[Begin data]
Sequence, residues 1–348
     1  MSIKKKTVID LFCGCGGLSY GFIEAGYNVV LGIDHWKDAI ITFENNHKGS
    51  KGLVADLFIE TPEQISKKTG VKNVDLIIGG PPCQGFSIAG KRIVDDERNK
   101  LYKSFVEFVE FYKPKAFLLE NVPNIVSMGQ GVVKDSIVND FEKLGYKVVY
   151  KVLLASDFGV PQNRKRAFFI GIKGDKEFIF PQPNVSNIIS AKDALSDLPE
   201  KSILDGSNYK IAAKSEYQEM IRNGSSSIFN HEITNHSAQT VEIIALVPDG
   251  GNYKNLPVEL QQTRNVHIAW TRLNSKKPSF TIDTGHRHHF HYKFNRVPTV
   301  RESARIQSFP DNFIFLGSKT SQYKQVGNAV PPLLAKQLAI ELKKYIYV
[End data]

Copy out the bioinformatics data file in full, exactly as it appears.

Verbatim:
Sequence, residues 1–348
     1  MSIKKKTVID LFCGCGGLSY GFIEAGYNVV LGIDHWKDAI ITFENNHKGS
    51  KGLVADLFIE TPEQISKKTG VKNVDLIIGG PPCQGFSIAG KRIVDDERNK
   101  LYKSFVEFVE FYKPKAFLLE NVPNIVSMGQ GVVKDSIVND FEKLGYKVVY
   151  KVLLASDFGV PQNRKRAFFI GIKGDKEFIF PQPNVSNIIS AKDALSDLPE
   201  KSILDGSNYK IAAKSEYQEM IRNGSSSIFN HEITNHSAQT VEIIALVPDG
   251  GNYKNLPVEL QQTRNVHIAW TRLNSKKPSF TIDTGHRHHF HYKFNRVPTV
   301  RESARIQSFP DNFIFLGSKT SQYKQVGNAV PPLLAKQLAI ELKKYIYV